Today’s IP news roundup highlights some of the latest headlines in VoIP, unified communications and more:
- Infonetics Research revealed that the global VoIP market is expected to rise from $63 billion in 2012 to $82.7 billion by 2017. Their latest “VoIP and UC Services and Subscribers” market share and forecast report also stated that the use of SIP trunking jumped 83% between 2011 and 2012, as more multi-site businesses adopt it for flexibility and cost savings. Meanwhile, hosted VoIP and unified communications services revenue increased 17% in the same time period. For more information on the VoIP services market, see the Infonetics press release.
- Your employees are the biggest threat to your network. AlgoSec’s “State of Network Security Policy Management” survey revealed that 64.5% of respondents believe that insiders pose the biggest risk to their organization. According to an article on the Channelnomics blog, “Respondents cite the bring-your-own-device (BYOD) trend as a major source of security breaches, while 40 percent report employee devices increase the overall risk of network and application outages.” Meanwhile, 60% of respondents cite “poor processes and a lack of visibility into security policies as one of the most significant obstacles to accurately detecting security threats.” For more information on the “State of Network Security Policy Management” survey, see Channelnomics.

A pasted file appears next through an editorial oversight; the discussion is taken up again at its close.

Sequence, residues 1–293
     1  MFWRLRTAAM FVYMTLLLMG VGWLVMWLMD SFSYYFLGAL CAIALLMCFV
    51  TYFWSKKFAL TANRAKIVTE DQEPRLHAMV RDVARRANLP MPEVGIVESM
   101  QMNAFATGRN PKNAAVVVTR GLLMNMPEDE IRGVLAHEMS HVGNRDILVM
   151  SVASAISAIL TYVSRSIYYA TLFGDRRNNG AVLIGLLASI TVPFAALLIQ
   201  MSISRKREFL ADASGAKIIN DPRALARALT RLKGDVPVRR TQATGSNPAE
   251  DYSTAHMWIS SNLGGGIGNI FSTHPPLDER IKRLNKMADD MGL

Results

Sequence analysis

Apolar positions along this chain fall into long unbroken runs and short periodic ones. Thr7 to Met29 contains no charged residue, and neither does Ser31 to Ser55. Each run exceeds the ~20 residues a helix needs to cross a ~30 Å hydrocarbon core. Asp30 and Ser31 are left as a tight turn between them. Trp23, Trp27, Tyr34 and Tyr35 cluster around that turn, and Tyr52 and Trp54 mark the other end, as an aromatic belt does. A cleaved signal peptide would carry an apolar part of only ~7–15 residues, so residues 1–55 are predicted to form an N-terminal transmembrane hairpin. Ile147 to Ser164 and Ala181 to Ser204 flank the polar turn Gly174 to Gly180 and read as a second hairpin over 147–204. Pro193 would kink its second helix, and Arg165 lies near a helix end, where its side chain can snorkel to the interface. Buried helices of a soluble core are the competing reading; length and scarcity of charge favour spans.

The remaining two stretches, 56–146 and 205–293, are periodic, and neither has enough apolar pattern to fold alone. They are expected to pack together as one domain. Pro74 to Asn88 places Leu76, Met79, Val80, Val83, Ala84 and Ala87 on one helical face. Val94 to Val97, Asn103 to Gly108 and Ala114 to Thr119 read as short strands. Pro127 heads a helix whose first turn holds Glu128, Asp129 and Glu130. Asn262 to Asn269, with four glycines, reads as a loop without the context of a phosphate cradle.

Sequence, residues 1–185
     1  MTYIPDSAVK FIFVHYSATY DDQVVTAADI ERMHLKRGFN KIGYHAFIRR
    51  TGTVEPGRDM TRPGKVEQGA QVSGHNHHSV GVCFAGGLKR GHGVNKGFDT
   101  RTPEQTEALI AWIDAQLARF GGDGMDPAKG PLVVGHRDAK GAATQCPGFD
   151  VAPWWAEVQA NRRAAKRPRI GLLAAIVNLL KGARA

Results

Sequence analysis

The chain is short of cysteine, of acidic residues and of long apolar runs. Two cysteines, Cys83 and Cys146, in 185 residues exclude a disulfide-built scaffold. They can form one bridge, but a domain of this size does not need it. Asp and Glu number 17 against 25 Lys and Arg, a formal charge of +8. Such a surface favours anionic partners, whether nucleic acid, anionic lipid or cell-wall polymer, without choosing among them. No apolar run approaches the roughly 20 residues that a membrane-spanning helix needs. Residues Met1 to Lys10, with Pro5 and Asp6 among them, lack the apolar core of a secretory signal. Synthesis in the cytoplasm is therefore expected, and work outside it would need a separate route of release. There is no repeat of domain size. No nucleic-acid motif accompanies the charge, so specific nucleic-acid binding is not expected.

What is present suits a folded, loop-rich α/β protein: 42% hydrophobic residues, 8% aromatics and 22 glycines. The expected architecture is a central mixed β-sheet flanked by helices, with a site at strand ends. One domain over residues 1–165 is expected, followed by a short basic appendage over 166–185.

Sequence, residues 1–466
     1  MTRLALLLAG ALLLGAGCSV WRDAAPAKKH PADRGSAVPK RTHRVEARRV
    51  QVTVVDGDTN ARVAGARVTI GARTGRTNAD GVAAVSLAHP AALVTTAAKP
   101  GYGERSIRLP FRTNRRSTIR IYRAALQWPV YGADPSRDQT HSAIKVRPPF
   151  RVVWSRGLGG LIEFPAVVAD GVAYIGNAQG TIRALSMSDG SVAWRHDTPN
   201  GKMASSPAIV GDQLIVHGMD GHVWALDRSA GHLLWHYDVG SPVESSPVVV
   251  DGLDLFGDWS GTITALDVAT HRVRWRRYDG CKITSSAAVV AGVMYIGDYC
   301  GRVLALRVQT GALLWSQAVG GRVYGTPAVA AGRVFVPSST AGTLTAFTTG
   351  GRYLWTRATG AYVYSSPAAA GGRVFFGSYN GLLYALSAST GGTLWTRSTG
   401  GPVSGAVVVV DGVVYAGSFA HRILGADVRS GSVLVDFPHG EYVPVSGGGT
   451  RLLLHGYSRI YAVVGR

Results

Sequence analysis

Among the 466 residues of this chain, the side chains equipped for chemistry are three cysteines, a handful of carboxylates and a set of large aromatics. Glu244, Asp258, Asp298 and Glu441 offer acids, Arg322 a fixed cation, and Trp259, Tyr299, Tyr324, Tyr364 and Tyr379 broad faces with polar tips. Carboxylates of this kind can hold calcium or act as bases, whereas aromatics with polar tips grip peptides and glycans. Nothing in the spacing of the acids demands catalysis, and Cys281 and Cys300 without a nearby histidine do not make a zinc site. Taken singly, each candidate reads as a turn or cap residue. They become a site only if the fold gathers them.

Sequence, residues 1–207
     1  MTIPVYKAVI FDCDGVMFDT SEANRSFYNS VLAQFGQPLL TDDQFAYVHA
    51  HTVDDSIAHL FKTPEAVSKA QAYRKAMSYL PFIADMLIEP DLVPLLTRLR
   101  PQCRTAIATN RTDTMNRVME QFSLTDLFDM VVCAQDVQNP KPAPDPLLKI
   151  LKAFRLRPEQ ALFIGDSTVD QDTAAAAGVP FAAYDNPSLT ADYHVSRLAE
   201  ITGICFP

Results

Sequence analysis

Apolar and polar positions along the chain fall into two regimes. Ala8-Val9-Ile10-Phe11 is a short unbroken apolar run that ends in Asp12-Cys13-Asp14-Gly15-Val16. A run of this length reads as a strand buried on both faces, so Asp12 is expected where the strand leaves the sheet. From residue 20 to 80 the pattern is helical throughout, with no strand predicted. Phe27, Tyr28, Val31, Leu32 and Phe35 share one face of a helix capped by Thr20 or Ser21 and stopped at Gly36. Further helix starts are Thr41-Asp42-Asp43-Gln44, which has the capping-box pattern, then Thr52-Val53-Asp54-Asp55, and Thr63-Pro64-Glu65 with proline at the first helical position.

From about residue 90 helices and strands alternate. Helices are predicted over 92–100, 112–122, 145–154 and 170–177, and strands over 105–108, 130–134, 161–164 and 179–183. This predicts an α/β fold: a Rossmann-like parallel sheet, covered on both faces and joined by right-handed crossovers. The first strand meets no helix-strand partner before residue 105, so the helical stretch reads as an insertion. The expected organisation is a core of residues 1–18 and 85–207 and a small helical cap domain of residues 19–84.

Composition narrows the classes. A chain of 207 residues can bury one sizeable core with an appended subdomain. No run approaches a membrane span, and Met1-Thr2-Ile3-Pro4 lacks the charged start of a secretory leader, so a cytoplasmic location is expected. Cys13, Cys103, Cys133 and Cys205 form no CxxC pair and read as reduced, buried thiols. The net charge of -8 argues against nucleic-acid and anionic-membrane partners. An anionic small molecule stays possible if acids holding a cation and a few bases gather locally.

- New e-book outlines ways to secure your network and support your mobile workforce. The Business 2 Community blog ran an excerpt from Avaya’s 2013 Guide: TheCollaboration Trends, which outlines ways to protect your network from hackers when you adopt unified communications. According to the article, “Researchers at Avaya’s VIPER Lab and NACR have found that an unprotected IP phone gateway will be found and broken into by hackers located anywhere in the world within a week. Our research shows you can expect hackers to use your corporate network to rack up about $2,000 worth of fraudulent calls in just 8 hours–or half the time between the end of one workday and the start of the next one.” However, a number of security measures, such as encrypting your VoIP calls and using session border controllers, can help keep the hackers out. For more information on how to protect your network while supporting unified communications, see the Business 2 Community article.
- And finally … a hacker improves the worst video game of all time. According to PCWorld, a hacker has attempted to fix E.T., an Atari 2600 game that is known as one of the worst video games ever created. The game was originally released in 1982 and was plagued with numerous problems, including E.T. getting stuck in wells and randomly passing out. E.T. was so bad that Atari took a $100 million loss and supposedly buried five million unsold copies of the game in a New Mexico landfill. The hacker has adjusted the game’s code to fix these problems, prompting PCWorld to call the improved game “actually fun to play”.
What is your take on today’s news? Feel free to share your opinions below.